Here's how it happened. Mr Goldman quickly overcame the disgust he expressed publicly last year and realised that the unpublished manuscript of If I Did It was an asset he could legitimately chase as part of Simpson's unpaid legal settlement. In other words, he decided the publicity the book would give Simpson might be less objectionable if the profits went into his pocket, rather than Simpson's. Mr Goldman went to a bankruptcy court to have the rights signed over to him and, in August, won his case. The new edition of If I Did It differs from the original in several key respects. Its authorship is attributed to "the Goldman family" instead of OJ Simpson and it includes new material by members of the Goldman family and the society crime writer, Dominick Dunne. The cover cleverly conceals the word "If" to the point of near-invisibility so, on first glance, the book appears to be called I Did It. The new subtitle, Confessions Of The Killer, rams home the point that Simpson is no longer toying with the idea of having killed his estranged wife and her lover. Rather, he really is confessing to the crime.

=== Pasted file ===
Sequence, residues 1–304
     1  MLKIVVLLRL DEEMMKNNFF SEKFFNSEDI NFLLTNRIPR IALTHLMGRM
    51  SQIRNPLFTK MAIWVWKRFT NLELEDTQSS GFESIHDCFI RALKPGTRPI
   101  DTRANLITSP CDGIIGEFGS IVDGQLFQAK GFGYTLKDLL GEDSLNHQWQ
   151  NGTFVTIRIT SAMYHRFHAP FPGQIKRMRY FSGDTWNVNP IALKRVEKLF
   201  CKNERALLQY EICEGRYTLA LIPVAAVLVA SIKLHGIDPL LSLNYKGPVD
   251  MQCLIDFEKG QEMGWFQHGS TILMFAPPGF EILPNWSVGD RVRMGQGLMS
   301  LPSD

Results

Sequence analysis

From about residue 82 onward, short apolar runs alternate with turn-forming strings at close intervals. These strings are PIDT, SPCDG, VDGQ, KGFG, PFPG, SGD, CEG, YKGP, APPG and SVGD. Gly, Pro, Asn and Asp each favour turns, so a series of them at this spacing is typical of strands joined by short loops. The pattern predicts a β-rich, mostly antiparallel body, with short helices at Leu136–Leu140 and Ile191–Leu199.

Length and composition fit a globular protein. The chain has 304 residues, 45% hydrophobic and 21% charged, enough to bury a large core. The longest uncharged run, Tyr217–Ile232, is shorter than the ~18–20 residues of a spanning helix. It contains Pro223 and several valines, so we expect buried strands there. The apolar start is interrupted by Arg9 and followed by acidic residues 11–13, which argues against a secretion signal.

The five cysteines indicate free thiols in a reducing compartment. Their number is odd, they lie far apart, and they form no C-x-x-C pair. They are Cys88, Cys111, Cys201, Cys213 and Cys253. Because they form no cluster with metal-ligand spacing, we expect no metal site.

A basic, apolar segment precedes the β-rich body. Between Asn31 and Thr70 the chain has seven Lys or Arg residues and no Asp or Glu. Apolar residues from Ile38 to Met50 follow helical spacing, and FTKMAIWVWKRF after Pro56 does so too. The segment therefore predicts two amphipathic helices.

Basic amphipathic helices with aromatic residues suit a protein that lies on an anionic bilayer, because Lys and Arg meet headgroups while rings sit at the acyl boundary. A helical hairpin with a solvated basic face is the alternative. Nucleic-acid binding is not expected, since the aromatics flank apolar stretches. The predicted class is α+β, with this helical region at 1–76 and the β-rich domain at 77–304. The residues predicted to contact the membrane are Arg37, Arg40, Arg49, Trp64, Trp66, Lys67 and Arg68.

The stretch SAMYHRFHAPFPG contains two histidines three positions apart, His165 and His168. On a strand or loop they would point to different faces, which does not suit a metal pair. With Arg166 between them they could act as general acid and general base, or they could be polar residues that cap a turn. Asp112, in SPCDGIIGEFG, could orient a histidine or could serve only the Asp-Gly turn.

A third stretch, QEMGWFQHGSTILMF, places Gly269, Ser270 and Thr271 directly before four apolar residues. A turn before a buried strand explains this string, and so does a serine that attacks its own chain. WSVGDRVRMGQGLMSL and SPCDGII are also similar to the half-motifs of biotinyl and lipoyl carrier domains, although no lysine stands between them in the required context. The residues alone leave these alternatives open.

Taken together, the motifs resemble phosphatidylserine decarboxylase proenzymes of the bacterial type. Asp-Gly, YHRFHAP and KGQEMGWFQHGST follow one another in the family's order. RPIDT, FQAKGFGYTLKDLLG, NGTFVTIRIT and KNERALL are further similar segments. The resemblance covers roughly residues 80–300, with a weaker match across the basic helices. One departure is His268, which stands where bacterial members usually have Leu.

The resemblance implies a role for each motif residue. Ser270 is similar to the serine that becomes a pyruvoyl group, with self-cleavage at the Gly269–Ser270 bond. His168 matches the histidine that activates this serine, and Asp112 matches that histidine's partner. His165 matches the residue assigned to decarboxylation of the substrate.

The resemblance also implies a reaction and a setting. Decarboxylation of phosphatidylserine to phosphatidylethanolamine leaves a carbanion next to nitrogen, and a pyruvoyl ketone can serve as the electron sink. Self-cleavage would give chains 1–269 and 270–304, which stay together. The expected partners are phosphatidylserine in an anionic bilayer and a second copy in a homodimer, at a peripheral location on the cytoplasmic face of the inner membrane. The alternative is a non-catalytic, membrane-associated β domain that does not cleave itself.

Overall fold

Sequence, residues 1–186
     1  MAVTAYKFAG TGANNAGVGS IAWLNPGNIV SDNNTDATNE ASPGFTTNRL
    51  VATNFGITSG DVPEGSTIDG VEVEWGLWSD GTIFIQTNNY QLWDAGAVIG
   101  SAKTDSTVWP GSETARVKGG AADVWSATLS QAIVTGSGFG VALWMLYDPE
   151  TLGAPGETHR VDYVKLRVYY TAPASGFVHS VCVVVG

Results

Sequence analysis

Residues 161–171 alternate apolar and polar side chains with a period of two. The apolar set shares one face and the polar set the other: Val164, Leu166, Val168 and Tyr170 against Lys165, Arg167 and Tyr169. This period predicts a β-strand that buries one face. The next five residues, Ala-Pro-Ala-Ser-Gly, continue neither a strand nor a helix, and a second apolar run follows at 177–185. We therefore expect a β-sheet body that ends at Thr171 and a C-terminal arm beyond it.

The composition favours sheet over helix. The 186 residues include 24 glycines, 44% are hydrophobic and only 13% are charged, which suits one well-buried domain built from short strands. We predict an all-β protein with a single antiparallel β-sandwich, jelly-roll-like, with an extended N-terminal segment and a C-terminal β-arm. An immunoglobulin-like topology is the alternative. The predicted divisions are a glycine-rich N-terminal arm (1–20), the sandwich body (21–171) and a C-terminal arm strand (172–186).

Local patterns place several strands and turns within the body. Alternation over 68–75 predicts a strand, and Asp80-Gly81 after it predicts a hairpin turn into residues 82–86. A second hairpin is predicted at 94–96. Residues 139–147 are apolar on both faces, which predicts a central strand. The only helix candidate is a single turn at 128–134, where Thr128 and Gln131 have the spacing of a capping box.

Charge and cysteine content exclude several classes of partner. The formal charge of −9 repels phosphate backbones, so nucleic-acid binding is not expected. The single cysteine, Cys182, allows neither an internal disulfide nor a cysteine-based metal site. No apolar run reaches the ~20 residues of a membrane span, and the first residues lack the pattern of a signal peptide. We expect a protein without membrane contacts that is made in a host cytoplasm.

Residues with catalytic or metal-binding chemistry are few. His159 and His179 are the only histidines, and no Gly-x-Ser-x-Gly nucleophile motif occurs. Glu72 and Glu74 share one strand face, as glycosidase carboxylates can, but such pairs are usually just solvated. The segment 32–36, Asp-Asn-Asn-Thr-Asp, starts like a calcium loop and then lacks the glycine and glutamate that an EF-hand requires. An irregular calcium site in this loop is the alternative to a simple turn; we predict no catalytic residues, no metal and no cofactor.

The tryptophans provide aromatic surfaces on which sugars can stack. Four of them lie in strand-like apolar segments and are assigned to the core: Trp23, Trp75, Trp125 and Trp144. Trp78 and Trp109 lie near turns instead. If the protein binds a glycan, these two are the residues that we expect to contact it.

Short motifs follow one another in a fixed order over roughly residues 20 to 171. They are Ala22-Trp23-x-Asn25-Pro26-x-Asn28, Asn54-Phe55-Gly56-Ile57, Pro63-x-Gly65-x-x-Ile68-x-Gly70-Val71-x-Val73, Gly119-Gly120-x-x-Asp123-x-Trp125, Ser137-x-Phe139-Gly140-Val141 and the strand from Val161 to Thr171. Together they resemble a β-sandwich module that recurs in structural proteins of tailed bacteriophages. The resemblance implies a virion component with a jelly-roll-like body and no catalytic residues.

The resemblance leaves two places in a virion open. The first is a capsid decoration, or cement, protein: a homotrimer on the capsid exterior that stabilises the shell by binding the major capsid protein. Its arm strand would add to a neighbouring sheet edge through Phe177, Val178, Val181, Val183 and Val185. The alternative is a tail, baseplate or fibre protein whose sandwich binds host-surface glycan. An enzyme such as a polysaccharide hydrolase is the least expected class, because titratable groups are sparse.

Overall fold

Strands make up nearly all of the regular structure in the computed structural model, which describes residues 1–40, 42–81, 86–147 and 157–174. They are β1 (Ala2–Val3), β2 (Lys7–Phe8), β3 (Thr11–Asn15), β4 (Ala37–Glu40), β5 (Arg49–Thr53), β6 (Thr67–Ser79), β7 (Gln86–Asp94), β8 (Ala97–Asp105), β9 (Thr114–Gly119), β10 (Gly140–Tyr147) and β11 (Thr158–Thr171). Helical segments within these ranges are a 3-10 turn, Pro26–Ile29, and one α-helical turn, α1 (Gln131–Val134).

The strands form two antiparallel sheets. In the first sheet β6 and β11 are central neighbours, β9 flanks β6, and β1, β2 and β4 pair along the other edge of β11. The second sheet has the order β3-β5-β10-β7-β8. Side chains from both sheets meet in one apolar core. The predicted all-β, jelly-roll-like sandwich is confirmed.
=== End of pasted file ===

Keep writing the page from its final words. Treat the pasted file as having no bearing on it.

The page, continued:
The whole thing is still pretty sick, but as a story of chutzpah being met with more chutzpah, Fred Goldman's style is pretty unique. An if a famous football player killed my son and walked, who am I to say that, given the chance, I wouldn't hijack his dumb book project?